Crossing upgrades mean steep bill for farmers
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Some farmers and rural landowners in Westman could be asked to foot part of the bill for upgrades to private rail grade crossings on their property.
Three years ago, Transport Canada updated its Grade Crossing Regulations to include new amendments that apply to all public and private railway crossings in the country. The amendments were put in place to improve safety by bringing sightlines and grade levels into compliance with the new standards.
A private railway crossing is constituted when there is no public use of the crossing and the same individual or farm business owns the land on both sides of the tracks. In the past, the responsibility for the maintenance of these crossings had been the railway’s. Now that all farm crossings are being classified as private crossings, farmers and landowners could be facing bills from rail companies such as Canadian Pacific Railway and Canadian National Railway.
Farmers are now also required to have a minimum general liability insurance of $5 million for the crossings, along with $2 million in automobile liability insurance. When it’s a CP Rail crossing, they must pay the company an annual crossing fee of $350, which is subject to change with every new annual contract.
Keystone Agricultural Producers (KAP) president Bill Campbell said in a statement to the Sun that while KAP supports and welcomes the new measures to increase safety at railway crossings, it shouldn’t be the responsibility of farmers to pay for it.
“It is important that these crucial access points are maintained and receive the required upgrades without imposing additional costs onto agricultural producers. As we have noted in the past, KAP believes the maintenance and repairs to grade crossing are the financial responsibility of class 1 railways and not farmers.”
Campbell said that KAP recommends any farmer who disputes the costs for grade crossing upgrades contact the Canadian Transportation Agency (CTA), as it is responsible for all disputes relating to federally funded regulated railways.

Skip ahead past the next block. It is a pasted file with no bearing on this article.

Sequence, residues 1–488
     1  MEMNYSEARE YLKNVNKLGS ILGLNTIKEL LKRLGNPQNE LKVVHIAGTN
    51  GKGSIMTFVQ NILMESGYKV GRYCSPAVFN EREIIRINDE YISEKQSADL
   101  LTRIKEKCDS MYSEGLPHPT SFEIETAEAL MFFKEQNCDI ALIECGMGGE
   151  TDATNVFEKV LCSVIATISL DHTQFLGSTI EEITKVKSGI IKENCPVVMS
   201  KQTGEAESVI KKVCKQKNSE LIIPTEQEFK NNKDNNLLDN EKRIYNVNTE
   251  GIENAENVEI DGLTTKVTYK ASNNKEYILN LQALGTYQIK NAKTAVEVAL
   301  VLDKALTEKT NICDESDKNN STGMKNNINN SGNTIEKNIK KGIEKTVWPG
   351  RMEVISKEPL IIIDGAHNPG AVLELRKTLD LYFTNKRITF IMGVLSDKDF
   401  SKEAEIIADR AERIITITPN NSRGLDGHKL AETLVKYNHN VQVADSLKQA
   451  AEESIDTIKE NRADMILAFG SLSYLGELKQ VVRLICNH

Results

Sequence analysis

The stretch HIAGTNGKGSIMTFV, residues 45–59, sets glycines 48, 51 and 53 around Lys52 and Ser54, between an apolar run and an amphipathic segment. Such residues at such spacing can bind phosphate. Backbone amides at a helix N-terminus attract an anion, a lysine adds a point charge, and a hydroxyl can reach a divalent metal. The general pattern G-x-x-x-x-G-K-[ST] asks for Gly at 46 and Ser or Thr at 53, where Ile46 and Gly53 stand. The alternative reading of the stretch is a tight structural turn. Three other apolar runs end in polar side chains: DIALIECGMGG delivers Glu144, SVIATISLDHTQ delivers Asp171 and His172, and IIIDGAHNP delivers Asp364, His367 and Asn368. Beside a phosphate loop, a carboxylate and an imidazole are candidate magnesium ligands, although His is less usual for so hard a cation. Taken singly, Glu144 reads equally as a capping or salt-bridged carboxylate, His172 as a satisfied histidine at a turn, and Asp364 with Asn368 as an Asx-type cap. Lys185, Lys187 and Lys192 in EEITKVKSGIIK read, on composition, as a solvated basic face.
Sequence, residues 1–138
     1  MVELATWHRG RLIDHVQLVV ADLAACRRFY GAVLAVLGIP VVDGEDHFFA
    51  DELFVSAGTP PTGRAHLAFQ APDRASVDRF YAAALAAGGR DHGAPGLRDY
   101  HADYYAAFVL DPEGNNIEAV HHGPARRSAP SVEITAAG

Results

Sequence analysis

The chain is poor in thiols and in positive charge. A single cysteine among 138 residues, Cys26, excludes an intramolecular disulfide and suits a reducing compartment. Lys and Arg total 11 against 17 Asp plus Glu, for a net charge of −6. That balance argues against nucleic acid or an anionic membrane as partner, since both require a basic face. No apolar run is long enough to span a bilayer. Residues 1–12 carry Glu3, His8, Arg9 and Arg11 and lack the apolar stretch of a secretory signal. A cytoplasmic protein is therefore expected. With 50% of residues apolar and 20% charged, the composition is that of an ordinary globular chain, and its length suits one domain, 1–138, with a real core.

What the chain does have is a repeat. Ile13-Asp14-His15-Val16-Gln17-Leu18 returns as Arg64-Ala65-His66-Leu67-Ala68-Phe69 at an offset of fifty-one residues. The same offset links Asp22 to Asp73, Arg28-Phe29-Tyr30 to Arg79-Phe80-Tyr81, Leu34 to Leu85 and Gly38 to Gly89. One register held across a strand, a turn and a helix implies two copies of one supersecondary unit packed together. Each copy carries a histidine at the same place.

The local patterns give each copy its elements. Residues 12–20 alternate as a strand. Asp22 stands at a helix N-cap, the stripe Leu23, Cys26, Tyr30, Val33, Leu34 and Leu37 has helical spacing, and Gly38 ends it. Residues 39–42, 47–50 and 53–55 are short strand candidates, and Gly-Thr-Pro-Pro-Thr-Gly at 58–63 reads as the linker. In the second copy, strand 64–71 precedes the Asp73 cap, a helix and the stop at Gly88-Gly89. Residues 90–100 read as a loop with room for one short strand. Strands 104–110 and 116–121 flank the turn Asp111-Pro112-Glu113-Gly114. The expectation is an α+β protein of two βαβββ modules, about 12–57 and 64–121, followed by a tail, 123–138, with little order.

Jonathan Abecassis, the senior manager of media relations for CN Rail, told the Sun in an email that private grade crossings must comply with the federal government regulations.
“Under the regulations, rail safety is a shared responsibility, as is the maintenance and upkeep of individual crossings,” Abecassis said.
Sau Sau Liu, senior communications adviser with Transport Canada, also replied to enquiries from the Sun via email. Liu said Transport Canada is committed to protecting all Canadians who live and work along rail lines by putting in place the necessary measures to reduce the risk of serious accidents.
Liu noted that Transport Canada amended the new regulations by extending the compliance deadlines in 2021 after hearing from railway companies, road authorities and private landowners.
“These amendments preserve the core safety objectives of the regulations while providing financial relief to public and private authorities during the COVID-19 pandemic by ensuring that very low-risk grade crossings are not subject to undue burden.”
The regulatory amendments, Liu said, focus efforts on reducing the risks of preventable accidents at grade crossings while being mindful of economic realities affecting farmers and landowners.
The Brandon Sun reached out to representatives from CP Rail but did not receive a reply by press time.
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